It is possible to pick out from the persiflage an astonishing variety of putative causes for the condition Watson deplores. The first and most evident is the advance of business jargon into politics and academia - which it entered, he trumpets, as the German army entered Poland (in 1939). He comes back to this idea again and again. It’s just that he never develops it into the form of a rational inquiry. Indeed, quite early in his book, he confesses that he lacks sufficient interest in the subject to attempt such an inquiry[x]. This is a little odd, considering that he feels so indignant, but let that pass. It is after all, by his own account, only an ‘essay’ he is writing here.

Lacking sufficient interest in chasing down his principal quarry does not discourage Watson from darting off in at least a dozen different directions in pursuit of other possible causes for the linguistic malaise of our time. These pop up more or less at random. The rise of Communications Theory (along with Media, Cultural and Women’s Studies) is one. Grubby practicality seems to be a second. “Modern language”, Watson remarks airily at one point, “handcuffs words to action, ideas to matter, the pure thought to the dirty deed.”[xi]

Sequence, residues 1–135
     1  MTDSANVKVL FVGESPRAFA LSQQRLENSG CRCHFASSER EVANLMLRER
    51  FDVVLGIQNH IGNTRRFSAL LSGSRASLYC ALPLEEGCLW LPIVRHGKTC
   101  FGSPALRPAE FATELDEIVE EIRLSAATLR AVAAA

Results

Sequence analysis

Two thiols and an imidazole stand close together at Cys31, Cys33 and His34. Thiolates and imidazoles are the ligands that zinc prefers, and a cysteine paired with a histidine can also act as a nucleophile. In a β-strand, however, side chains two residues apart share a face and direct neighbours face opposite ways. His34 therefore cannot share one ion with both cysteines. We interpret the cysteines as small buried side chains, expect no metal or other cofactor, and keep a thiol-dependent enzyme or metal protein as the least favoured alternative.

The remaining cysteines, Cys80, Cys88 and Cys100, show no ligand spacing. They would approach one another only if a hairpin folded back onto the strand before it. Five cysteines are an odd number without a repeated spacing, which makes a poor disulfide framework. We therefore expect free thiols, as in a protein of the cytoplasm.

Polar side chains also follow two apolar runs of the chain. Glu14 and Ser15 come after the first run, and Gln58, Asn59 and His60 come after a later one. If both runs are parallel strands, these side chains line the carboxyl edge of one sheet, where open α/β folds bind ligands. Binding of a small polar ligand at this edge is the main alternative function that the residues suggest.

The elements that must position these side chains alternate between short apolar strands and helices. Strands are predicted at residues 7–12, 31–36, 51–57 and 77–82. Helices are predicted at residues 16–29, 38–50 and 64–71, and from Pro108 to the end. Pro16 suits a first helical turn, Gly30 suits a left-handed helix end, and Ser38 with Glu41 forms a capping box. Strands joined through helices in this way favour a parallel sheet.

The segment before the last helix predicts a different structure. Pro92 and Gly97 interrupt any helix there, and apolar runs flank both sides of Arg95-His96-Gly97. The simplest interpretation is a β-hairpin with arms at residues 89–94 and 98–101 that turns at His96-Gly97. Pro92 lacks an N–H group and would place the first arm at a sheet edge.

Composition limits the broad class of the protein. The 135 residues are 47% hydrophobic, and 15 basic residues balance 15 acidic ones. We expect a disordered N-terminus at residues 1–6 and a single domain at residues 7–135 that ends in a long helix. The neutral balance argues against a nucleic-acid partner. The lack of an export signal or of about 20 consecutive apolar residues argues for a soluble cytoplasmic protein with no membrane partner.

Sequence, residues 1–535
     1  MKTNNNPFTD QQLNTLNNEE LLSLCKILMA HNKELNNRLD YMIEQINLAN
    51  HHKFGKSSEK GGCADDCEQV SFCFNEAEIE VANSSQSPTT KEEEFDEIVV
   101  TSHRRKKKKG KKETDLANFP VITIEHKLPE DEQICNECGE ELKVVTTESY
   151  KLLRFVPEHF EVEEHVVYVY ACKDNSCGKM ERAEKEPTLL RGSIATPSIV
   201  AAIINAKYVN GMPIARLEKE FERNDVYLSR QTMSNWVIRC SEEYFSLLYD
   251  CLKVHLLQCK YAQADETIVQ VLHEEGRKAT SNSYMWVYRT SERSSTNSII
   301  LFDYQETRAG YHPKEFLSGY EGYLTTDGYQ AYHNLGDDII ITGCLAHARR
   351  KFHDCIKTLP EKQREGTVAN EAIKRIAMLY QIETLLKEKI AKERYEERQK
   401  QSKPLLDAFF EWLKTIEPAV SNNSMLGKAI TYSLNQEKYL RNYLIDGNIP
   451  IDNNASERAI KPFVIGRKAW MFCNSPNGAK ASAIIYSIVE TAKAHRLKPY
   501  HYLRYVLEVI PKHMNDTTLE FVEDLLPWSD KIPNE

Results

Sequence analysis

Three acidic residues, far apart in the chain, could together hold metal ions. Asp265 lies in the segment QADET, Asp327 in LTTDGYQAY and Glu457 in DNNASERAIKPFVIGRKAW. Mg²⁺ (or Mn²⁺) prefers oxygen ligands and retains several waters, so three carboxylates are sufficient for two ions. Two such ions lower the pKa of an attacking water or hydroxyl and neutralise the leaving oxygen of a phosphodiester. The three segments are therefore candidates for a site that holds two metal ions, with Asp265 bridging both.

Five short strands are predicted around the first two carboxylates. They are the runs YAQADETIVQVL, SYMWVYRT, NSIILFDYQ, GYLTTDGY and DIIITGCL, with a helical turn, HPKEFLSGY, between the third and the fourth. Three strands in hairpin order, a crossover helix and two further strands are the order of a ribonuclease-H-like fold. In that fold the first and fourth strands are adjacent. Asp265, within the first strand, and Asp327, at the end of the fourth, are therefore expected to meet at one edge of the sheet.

A third is a certain ‘pomposity’ which, he informs us, “afflicts most people when they write formally or write formal speeches.” A fourth is consumerism. “It seems”, Watson expatiates, “that consumer choice expands in inverse proportion to our vocabulary. We use fewer words and words of less variety. We arrange them with less imagination and dexterity. We tangle and abuse them. We take the richest soil the culture has and turn it into a few clods.”[xii]